Personal Goals And Dreams Key To A Mother's Pursuit Of Happiness

by MARLA MAJEWSKI

10/31/2008

There is a misconception that if you completely devote all of your time and energy into your children, you will be a better mother and have better children. If you spend every waking moment planning, preparing, thinking, breathing about the welfare of your children, your sacrifice will reward you with happy, well rounded, self-sufficient children.

At what point, however, does this sacrifice go too far? If our focus truly is on our children, is there room in a woman's life for other priorities - like pursuing personal goals and dreams - outside of our children?

Results from one Inspire Empire's Think Tank study cited 47% of respondents named personal achievement as what inspires them the most. Sadly, only 6.7 % of women feel they are pursuing those goals and dreams.

Although society makes us feel guilty when we desire time for ourselves or to focus on something unrelated to our children or family, if parents pursue something they love outside of their family, spouse and children - even for a couple of hours a week - they are more likely to be inspired, motivated and happier.

When a mother regularly changes her focus to something other than her children, she reconnects with the girl she used to know - the girl before marriage, children and life took over. She is the girl with the clarity on what personal life goals and dreams are important and the focus to make them happen. This reconnection allows her to refuel, reenergize and refocus not only on her goals, but also on her children - both equally important in keeping a mother happy. A mother needs to feel like she is doing both well.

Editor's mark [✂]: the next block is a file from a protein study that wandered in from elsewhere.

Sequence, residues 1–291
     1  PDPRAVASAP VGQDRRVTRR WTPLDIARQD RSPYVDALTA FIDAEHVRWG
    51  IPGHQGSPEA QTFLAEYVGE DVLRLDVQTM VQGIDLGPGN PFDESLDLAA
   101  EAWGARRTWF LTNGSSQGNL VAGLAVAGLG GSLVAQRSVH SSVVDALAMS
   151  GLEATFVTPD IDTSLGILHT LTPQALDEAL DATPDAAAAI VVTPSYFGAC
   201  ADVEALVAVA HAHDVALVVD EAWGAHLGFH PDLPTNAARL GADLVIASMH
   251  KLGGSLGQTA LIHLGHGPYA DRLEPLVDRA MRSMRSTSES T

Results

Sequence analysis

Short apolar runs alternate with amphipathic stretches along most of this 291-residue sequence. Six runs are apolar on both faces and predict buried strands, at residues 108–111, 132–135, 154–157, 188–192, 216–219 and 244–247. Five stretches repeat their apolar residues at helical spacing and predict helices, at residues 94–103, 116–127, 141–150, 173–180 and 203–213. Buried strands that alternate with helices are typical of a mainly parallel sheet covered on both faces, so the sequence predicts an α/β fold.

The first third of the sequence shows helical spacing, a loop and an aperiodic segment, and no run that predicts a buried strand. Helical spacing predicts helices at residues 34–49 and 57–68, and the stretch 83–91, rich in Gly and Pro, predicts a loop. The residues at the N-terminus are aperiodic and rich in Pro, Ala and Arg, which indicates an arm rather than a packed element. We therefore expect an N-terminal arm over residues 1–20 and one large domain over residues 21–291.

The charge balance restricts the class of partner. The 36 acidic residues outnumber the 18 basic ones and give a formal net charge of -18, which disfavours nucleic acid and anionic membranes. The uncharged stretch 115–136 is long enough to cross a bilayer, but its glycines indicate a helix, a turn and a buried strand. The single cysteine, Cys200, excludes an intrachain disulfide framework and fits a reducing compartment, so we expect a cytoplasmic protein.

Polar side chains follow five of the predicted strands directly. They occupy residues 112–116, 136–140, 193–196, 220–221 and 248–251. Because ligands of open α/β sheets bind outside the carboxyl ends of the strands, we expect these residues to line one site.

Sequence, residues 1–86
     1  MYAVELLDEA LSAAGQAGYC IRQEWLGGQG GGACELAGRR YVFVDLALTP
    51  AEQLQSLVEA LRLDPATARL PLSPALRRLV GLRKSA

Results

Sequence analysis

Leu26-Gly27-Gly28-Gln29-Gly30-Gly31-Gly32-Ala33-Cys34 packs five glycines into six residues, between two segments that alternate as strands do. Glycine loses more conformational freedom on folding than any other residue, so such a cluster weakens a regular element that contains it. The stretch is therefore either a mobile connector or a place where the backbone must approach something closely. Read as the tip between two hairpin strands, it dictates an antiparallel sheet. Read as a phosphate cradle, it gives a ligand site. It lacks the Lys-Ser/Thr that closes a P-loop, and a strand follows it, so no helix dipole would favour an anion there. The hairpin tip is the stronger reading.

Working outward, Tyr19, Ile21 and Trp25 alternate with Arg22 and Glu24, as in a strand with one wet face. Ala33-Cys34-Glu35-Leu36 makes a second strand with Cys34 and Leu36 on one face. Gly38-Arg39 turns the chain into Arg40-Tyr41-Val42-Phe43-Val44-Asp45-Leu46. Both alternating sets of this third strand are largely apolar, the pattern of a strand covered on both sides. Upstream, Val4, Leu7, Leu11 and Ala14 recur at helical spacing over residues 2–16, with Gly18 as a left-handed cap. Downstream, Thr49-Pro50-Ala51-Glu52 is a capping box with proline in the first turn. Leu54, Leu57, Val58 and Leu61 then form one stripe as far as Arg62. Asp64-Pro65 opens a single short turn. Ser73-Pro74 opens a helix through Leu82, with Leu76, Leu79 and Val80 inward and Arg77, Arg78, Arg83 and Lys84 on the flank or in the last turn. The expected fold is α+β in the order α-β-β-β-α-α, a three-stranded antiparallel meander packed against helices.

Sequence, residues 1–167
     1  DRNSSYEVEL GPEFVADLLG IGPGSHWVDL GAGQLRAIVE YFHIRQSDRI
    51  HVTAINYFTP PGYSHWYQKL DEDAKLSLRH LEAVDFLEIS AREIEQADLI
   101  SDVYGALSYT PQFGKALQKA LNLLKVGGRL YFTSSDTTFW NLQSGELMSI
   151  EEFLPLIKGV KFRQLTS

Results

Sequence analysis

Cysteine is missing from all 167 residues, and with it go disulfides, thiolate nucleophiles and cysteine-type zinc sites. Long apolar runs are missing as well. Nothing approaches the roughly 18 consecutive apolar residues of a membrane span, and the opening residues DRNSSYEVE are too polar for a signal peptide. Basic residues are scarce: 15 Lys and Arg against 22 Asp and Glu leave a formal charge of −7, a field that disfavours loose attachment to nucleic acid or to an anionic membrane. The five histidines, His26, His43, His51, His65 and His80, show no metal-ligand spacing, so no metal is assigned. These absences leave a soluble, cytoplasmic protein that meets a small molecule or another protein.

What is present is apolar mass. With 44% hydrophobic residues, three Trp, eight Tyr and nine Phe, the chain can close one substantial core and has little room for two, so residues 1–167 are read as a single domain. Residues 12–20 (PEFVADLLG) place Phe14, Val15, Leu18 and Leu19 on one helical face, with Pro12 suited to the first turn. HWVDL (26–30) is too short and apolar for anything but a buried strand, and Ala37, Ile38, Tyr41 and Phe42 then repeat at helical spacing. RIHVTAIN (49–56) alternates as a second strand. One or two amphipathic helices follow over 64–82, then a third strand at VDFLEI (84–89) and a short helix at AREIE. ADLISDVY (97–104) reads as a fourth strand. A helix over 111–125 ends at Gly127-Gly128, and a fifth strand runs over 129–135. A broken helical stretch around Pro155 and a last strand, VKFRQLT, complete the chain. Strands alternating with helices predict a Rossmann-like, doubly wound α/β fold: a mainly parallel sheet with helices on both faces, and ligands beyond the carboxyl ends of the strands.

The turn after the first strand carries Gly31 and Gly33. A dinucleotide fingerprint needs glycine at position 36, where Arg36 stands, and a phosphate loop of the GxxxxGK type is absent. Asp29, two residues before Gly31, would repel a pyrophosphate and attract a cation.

As an added bonus, mothers moving closer to their personal priorities have children that whine and act out less - primarily because most of these behaviors are reflections of a mother's own feelings showing up in her kids. If the mother is happier, her children will be more content as well.

A mother with personal goals and dreams show her children three things 1) that they are not the center of the universe - which is an extremely healthy lesson to learn 2) that their mother is a person outside of their needs and activities and 3) that their mother is a positive role model of how a woman can successfully raise a family and have personal achievement in her life.

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